[BioC] Limma analysis of focused arrays vs. whole genome arrays

Naomi Altman naomi at stat.psu.edu
Fri Jul 22 16:10:33 CEST 2005

I am a bit late on this discussion, but here is my input:

We are using EST arrays, which have similar problems.  We use a few 
spike-ins (3-10), spotted many times each.  (We are using 50 
spots/spike-in, but I think 25 would be sufficient.)  We spike them in a 
titration series, which helps us determine how well the loess works (versus 
"A").  Having many replicates is very valuable - it gives us an idea of the 
natural variation in the system, and the within spot correlation for the 2 
channels.  It also means that we can create our own oligos, which is a good 
thing, given the cost of oligos.

In one of our experiments, ordinary loess seems to be fine - i.e. the 
spike-ins end up where they should be.  In the other experiment, the 
spike-ins "move" dramatically under one condition.  We are investigating 
whether this was lab error, or a need for a different normalization.

If most genes differentially express, you should abandon q-values.  The 
reason is obvious if you think about it -  the q-value is the estimated 
percentages of false detections.  If 90% of the genes actually 
differentially express, the max. q-value is going to be 10%, even if you 
declare all the genes significant.  In that case, you should be controlling 
the FNR - false non-detect rate.  Storey's 2003 paper also discusses 
estimating FNR - but this has not been so popular.  In any case, my 
simplistic solution is that if the q-value routine indicates small pi0, 
then I don't do multiple comparisons corrections.  What do I mean by 
small?  To date in the studies I have been involved in, we have always had 
either pi0>90% or pi0<25%.  So I have not had to worry too much about 
"small" - 25% is certainly small enough.


At 09:33 AM 6/7/2005, Mike Schaffer wrote:
>The lab I work with has used "whole genome" human arrays (~18,000 genes) 
>for a couple years and I have helped with the analysis using Limma.  Now, 
>due to costs, they are now considering switching from whole genome arrays 
>to focused arrays with ~400 genes of interest (selected from the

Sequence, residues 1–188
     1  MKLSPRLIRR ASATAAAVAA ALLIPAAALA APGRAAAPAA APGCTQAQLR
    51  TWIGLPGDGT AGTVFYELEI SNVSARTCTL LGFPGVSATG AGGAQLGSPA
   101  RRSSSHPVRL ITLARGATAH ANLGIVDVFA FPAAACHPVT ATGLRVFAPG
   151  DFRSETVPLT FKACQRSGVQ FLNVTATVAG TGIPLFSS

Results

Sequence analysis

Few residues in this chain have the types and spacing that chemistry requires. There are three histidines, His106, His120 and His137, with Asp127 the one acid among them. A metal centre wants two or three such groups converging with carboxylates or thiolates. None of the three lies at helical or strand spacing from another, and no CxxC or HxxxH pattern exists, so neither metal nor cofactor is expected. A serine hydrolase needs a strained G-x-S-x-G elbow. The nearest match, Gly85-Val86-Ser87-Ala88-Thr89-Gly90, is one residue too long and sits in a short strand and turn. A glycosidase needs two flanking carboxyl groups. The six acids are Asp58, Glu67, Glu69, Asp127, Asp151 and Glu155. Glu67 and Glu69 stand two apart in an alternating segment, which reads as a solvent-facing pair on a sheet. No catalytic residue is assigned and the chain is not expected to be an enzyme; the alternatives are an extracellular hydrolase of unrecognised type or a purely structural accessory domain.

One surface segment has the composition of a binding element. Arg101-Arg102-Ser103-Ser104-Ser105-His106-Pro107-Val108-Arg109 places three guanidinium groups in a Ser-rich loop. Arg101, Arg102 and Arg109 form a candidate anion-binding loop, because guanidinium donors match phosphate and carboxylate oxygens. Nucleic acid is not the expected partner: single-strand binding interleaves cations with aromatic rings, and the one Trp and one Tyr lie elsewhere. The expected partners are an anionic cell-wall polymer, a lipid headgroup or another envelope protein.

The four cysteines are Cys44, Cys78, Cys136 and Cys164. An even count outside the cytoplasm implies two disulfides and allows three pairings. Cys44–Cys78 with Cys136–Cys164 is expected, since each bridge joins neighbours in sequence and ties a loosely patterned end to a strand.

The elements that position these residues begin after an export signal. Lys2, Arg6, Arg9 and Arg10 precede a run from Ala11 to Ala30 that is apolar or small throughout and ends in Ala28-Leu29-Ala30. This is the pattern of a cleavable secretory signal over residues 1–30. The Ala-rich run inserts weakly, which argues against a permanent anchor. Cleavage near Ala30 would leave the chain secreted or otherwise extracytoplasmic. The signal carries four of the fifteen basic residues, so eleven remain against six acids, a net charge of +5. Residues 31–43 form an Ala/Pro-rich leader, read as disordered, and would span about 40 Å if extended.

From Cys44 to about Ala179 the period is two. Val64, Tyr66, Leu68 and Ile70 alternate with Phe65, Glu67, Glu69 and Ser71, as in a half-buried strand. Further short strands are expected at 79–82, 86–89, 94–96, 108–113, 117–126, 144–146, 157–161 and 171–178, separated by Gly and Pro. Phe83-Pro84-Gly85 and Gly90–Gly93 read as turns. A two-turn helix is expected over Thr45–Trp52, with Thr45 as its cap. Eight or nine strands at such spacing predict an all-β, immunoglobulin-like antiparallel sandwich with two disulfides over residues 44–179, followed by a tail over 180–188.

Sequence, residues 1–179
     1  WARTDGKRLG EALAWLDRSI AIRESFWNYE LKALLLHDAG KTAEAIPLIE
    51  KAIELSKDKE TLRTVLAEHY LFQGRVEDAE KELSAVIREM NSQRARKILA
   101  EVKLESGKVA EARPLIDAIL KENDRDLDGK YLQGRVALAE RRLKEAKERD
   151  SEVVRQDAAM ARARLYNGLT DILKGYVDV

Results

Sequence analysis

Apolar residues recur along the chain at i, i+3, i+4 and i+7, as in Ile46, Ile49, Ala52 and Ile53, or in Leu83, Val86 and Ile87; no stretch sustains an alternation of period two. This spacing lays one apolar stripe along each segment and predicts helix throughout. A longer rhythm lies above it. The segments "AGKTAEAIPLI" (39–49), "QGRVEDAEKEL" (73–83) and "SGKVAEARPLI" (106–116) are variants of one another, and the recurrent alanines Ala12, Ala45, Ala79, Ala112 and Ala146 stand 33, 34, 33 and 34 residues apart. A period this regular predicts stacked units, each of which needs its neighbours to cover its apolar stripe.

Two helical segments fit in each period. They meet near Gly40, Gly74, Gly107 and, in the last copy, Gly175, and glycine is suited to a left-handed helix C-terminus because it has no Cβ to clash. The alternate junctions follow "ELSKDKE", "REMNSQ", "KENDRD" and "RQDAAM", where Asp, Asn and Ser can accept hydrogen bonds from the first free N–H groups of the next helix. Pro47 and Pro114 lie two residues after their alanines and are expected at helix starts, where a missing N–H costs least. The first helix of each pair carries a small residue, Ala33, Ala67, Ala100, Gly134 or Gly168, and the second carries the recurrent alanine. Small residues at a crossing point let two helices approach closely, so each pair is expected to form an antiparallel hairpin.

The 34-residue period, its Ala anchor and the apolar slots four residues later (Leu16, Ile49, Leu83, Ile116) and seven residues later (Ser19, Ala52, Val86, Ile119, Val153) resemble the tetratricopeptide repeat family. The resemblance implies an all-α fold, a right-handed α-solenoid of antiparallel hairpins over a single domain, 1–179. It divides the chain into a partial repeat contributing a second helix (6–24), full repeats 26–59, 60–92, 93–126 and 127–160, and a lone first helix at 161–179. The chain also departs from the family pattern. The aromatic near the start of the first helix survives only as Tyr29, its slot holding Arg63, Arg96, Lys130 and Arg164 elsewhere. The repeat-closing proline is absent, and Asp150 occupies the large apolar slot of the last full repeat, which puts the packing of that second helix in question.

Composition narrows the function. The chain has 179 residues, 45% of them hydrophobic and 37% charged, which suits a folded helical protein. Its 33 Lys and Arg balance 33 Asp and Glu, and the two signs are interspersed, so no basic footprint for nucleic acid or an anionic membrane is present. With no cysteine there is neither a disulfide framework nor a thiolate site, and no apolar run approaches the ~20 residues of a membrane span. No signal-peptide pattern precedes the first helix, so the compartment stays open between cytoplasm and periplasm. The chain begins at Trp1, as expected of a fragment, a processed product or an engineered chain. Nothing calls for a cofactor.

>whole-genome array results).
>The obvious analysis problems with a focused array where most genes are 
>changing are:
>1. LOESS normalization assumes most genes are not changing.  If most of 
>the genes are expected to change, there is no basis to recenter the data 
>around zero.  The response from the lab was that they would be willing to 
>include 100-150 genes that are not expected to change.
>2. The B-statistic in Limma requires a parameter indicating a certain 
>fraction of genes are changing.  The corresponding moderated t-statistic 
>uses the data from all genes to moderate the standard error in the t 
>calculation.  Both of these could change dramatically if most of the genes 
>on the array are changing.
>My questions are:
>1. Are my concerns valid and are there ways around around them?  Are there 
>other analysis pitfalls with this scenario?
>2. Can Limma handle situations where most of an array is expected to 
>change?  What modifications, if any, need to be made to the Limma analysis 
>to account for this?
>3. Alternatively, is there a more appropriate statistical package to use 
>in this case?
>Bioconductor mailing list
>Bioconductor at stat.math.ethz.ch

Naomi S. Altman                                814-865-3791 (voice)
Associate Professor
Bioinformatics Consulting Center
Dept. of Statistics                              814-863-7114 (fax)
Penn State University                         814-865-1348 (Statistics)
University Park, PA 16802-2111

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